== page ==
Family Travel in a (Tricky) New Travel Climate

Family Travel in a (Tricky) New Travel Climate

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Have passport, will travel. Or will you? In the new travel climate, it many not be as easy, or you may not feel as comfortable as you used to. How do you feel about the issues?

“It’s a weird time to be in the travel industry,” understates Matt Villano, a U.S.-based freelance travel writer and editor. Caught between a rock (slumping travel demand in the U.S. due to new, restrictive policy directives) and a hard place (threats of tighter visa rules for U.S. travelers overseas), he laments how “The current climate would make any travel writer – really any American who travels for a living – paranoid. For us family travel writers, however, the stakes are even higher.” (Read Matt’s expanded thoughts.)

At issue today in the U.S. are the now-infamous shifts in U.S. immigration policy spearheaded by the new American administration over the last two months. These include vigorous enforcement of laws governing some immigrants already in the U.S. and the pair of executive orders temporarily banning travel to the U.S. by the citizens of several Muslim-majority nations and all refugees – the first order blocked by a Seattle court last month and the second revised one just blocked yesterday by a federal judge in Hawaii.

These are important because, in the best of circumstances, “For family travel to be transformational, the message must be warm, open, and hospitable. Parents do not, and should not, expect anything else. In this case, the [travel bans] may be giving them pause,” remarks Erin Kirkland, publisher of AKontheGO. (Read Erin’s expanded thoughts.)

But troubles are brewing outside the U.S. too. Recently, the European Parliament used the rules of visa reciprocity to declare that U.S. passport holders might soon have to apply and pay for visas to Europe. This follows U.S. failure to extend visa-free travel to all E.U. countries – residents of 23 E.U. countries for whom it is permitted, as well as citizens of Bulgaria, Croatia, Cyprus, Poland and Romania, for whom it presently is not. The Parliament’s decision, though non-binding, sets June 15th as the deadline for the E.U. Commission to act if the U.S. doesn’t amend its policy. Of course, this is happening against a backdrop of rising anti-immigrant, right-wing populism and xenophobia in Europe.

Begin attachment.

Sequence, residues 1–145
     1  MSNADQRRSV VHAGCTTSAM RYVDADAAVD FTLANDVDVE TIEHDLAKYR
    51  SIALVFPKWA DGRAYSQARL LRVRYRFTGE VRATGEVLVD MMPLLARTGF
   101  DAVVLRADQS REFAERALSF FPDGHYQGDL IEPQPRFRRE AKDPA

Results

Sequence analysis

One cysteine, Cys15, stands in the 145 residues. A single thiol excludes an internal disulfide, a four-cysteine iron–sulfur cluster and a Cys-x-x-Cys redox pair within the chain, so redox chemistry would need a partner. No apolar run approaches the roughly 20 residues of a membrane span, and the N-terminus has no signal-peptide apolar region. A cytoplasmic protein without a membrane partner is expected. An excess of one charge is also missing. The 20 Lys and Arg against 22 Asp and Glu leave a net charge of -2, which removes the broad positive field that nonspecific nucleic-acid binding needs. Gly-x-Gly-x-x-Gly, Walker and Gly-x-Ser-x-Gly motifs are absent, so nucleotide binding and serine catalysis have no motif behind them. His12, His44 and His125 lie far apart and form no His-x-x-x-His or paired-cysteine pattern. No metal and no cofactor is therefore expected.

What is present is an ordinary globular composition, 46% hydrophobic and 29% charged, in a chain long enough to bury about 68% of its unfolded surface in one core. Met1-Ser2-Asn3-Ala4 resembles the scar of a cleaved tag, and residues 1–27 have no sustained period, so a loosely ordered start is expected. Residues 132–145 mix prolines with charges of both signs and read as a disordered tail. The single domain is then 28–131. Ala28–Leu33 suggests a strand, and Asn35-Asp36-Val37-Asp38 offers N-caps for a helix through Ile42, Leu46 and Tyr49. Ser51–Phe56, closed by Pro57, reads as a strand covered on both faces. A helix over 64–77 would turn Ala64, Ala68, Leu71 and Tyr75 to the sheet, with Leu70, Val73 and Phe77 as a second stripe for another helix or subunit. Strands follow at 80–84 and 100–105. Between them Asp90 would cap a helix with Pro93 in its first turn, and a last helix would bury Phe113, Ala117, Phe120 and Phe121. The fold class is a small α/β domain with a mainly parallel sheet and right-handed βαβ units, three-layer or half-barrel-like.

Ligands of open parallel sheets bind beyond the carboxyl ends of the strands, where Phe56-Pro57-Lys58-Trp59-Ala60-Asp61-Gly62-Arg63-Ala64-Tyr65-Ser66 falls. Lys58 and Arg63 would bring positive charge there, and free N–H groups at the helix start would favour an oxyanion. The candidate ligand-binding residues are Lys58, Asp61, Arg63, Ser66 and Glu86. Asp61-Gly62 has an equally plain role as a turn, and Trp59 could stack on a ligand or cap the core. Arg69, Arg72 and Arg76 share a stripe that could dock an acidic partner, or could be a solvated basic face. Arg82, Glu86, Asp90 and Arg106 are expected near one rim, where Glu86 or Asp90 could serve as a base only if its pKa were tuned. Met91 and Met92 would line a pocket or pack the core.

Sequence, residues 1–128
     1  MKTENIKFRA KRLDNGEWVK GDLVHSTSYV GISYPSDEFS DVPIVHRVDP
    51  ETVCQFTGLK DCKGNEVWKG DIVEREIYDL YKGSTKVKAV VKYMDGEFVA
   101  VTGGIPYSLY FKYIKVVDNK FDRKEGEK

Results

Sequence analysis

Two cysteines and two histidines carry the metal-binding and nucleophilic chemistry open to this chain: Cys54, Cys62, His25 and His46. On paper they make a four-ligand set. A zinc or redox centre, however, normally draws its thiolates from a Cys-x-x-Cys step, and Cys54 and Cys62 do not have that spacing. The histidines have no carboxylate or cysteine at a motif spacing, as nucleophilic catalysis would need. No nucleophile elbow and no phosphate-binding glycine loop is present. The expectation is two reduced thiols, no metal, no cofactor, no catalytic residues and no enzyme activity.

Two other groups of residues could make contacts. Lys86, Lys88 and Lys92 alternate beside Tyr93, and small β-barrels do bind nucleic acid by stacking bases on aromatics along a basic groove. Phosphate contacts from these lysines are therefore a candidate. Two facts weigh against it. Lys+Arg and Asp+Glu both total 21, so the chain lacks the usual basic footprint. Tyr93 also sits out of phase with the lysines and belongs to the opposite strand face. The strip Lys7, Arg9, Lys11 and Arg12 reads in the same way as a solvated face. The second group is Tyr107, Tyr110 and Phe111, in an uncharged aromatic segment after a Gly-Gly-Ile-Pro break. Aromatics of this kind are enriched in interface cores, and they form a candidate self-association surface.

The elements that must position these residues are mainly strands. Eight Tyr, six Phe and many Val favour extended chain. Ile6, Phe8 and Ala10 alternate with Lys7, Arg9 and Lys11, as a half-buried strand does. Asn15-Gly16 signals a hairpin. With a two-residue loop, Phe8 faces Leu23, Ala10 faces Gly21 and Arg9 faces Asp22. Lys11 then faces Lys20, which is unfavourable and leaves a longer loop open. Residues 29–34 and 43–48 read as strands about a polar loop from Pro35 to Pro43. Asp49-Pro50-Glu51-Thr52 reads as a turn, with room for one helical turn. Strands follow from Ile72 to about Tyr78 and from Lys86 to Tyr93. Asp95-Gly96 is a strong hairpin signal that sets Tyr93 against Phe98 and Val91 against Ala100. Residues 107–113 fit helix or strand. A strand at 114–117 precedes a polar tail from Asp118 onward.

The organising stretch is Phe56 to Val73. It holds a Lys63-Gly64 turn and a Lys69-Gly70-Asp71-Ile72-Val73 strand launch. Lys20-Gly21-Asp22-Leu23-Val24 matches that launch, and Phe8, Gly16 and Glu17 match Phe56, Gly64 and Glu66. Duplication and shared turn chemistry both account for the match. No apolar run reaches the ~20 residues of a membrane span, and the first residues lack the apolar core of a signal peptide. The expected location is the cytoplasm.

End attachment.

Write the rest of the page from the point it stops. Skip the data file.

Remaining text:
And there’s more. For a couple of years, in an effort to counter child-trafficking in Africa, South Africa has required any adults in families visiting the country to prove parenthood or guardianship of accompanying children using original birth certificates. The rules are even more complex for single parents or adults traveling with children who are not biologically their own. Despite heavy criticism of the travel-dampening regulations, Botswana has followed suit.

So what is one – any traveler, but especially traveling families – to do in an environment where more and higher travel obstacles are shuttering borders that were once open, and where an overarching sense of negativity is making people think twice about leaving home?


FTA’s Unwavering Commitment

However this shakes out in the months and years ahead, the Family Travel Association stands firm in its commitment to inspiring families to travel. And we will support and speak out for all efforts to ensure that this goal is pursued, on behalf of both traveling families and our members.

Even in the face of obstacles, we believe that:

Traveling families deserve certainty – the certainty of knowing they can safely and reliably cross borders without fear of separation from one another, without dread of the conditions they will face while guests in another land, and without worry about their ability to return home.

Traveling families must be able to count on us – on the outspoken honesty of all members of the tourism industry, including our members, in pursuit of the magical experiences that travel makes possible, always under the most responsibly secure conditions possible.

Our members, while remaining true to themselves, must be united – as mirrors of the industry as a whole, they must show solidarity in creating a supportive and collaborative family travel environment where there is no place for fear of retribution or boycott by people of opposing views.

So, as Therese Iknoian of HI Travel Tales has said: “Be wise, be safe, but get out there.”


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One response to “Family Travel in a (Tricky) New Travel Climate”

  1. Doug Cole says:

    Thorough, balanced, well researched, and well stated comments. The travel industry is in fact caught in a difficult situation with the current global circumstances – time to take a breath and push forward with civility and peace in the heart.

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